Cameron talks about 3D's industry implications

“Avatar” answers this question: what has James Cameron been doing since sinking “Titanic” and walking away with all those Oscars 12 years ago? The BFD blog asked Cameron a new question: what does his 3D breakthrough mean for everybody else?

Cameron on his inspiration for “Avatar”: When I see a movie that excites me visually, the feeling is extraordinary. I went to see ‘Lord of the Rings’ for entertainment, but you begin to think, is this something I can incorporate? Peter Jackson inspired me with consummate filmmaking and the specificity of the CG that made me feel a doorway opening that enabled me to make ‘Avatar.’

Cameron on moving beyond genre films in 3D: 3D as a genre doesn’t make sense. So far, it has been relegated to some big, beautiful and expensive animated films from Pixar and DreamWorks Animation, and some relatively inexpensive horror films. There’s a vast landscape in between where filmmakers of varying degrees of seriousness operate.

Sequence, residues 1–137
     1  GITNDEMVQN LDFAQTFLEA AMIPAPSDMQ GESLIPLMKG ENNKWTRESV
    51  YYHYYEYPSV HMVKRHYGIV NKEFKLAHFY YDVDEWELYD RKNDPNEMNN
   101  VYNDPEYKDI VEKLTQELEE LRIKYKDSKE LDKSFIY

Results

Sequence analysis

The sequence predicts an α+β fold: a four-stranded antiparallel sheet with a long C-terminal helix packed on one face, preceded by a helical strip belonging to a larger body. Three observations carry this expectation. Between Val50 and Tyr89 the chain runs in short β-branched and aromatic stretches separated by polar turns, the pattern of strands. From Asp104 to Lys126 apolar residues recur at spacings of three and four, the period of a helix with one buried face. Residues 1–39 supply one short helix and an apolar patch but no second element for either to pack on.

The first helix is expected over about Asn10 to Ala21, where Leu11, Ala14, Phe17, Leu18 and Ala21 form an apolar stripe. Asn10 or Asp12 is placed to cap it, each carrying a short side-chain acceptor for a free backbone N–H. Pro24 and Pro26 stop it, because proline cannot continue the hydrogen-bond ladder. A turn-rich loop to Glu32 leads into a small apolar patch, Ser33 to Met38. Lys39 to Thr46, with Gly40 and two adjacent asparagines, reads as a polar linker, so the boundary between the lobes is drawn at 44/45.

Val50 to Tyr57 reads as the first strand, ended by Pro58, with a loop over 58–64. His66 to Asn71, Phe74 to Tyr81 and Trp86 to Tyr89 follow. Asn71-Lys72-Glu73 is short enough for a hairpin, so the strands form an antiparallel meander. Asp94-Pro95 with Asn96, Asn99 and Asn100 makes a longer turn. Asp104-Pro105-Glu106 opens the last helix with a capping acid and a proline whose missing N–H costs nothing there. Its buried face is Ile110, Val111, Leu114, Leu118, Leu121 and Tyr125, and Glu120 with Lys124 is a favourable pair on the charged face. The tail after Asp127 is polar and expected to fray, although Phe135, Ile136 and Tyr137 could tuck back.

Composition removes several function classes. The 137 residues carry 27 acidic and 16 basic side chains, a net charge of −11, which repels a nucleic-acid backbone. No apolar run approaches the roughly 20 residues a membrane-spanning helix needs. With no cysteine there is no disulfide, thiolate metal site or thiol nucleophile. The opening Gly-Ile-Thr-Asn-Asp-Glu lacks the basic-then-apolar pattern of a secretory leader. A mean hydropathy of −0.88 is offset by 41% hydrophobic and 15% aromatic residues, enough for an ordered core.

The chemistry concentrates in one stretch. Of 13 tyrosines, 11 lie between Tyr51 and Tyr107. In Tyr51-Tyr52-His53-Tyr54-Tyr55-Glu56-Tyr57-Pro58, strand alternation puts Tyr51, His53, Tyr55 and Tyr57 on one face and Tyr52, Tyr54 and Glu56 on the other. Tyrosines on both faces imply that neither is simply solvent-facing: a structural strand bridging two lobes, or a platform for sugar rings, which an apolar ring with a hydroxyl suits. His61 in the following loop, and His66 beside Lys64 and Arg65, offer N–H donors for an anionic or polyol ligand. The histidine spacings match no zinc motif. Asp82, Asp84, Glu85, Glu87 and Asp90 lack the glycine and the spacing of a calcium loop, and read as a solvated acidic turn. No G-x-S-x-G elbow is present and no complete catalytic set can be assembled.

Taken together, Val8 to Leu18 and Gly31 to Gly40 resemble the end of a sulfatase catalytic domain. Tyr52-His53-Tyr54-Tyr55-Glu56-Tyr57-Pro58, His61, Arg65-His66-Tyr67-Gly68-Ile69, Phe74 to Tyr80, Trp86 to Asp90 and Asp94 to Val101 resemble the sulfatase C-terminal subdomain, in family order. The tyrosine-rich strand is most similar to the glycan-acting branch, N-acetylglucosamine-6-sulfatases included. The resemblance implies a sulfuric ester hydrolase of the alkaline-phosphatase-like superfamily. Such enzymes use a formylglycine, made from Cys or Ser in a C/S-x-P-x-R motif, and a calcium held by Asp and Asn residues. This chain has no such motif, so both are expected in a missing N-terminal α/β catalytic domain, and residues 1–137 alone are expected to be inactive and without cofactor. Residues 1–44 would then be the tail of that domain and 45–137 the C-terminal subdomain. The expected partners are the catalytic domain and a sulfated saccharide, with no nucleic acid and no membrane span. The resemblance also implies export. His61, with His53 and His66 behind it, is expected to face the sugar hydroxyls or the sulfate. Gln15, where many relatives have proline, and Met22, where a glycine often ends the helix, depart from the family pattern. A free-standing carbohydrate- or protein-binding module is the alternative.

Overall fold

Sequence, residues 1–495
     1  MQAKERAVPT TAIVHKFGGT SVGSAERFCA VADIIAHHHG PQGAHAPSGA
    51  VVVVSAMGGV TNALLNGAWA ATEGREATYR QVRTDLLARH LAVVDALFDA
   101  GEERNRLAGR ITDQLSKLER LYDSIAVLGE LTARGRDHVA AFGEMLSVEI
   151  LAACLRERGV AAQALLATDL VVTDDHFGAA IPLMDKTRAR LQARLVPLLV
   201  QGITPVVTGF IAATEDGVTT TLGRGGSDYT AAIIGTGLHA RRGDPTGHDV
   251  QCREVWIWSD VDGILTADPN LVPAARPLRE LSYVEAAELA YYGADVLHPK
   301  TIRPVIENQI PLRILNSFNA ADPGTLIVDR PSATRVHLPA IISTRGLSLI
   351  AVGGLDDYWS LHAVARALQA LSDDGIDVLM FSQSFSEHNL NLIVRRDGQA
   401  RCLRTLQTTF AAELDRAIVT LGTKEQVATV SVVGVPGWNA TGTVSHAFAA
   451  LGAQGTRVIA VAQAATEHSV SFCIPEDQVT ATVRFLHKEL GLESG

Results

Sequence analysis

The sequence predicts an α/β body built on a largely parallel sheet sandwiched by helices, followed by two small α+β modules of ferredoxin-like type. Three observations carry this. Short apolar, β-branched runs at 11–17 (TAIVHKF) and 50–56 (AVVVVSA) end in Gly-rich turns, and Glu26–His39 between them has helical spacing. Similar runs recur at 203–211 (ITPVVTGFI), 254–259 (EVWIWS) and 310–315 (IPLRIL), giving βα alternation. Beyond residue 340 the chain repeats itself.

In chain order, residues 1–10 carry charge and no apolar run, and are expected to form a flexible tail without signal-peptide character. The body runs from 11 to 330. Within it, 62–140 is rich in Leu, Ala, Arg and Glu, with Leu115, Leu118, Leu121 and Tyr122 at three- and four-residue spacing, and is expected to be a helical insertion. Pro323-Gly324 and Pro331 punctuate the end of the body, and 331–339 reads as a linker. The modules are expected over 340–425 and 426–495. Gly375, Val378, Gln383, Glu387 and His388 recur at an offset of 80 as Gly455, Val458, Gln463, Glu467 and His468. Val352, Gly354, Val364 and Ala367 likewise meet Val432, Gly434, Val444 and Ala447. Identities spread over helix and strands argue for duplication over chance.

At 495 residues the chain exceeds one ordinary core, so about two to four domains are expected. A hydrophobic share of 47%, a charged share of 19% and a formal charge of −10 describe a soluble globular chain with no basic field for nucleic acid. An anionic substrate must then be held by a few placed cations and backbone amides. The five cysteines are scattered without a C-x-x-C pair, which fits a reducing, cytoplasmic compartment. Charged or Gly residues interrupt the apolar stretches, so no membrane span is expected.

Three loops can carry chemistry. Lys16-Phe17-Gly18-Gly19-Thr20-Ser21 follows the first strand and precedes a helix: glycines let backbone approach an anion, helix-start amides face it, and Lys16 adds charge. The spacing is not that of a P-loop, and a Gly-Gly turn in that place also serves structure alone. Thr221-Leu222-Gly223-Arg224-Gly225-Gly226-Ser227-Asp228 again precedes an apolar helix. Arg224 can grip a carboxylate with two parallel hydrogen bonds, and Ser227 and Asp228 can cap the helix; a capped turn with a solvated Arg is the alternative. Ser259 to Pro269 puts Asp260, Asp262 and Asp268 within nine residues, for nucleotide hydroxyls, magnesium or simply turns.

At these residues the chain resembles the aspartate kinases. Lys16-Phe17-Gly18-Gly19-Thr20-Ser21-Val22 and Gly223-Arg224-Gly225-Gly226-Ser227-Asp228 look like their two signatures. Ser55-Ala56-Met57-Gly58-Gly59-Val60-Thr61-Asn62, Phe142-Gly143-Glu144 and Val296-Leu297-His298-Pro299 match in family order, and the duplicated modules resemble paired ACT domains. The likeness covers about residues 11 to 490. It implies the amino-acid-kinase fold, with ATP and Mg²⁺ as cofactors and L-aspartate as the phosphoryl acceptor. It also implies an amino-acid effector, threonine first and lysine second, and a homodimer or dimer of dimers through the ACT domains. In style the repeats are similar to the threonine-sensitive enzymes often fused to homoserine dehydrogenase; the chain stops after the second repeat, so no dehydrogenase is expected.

I’m waiting to see if ‘Avatar’ will legitimize 3D for other filmmakers who otherwise might have said, ‘I don’t want to make a 3D movie because it’s for kids, or animation, or horror. I’m a serious filmmaker who makes serious films with big actors and I don’t want my cred to be eroded by a 3D gimmick movie that is not a legitimate part of the cinematic art.’

Cameron on upcoming projects: I am producing ‘Fantastic Voyage’ in 3D and ‘Sanctum’ is in its third week of production down in Australia. ‘Sanctum’ was designed to show several things. It’s an R rated picture, an adult drama. There are no monsters or fantasy elements. It’s basically ‘Deliverance’ in a cave, a pure psychological drama. The goal with that film is to show you don’t have to spend a couple hundred million dollars to make a film in 3D. We’re making that picture for about $22 million. I’m going to make all my features in 3D so in a way, what’s good for 3D is good for me.

Cameron on “Titanic” in 3D: “In a completely different way, I’ll create an example with ‘Titanic,’ showing that you can go back to an evergreen or comicbook film and convert it to high quality 3D.”

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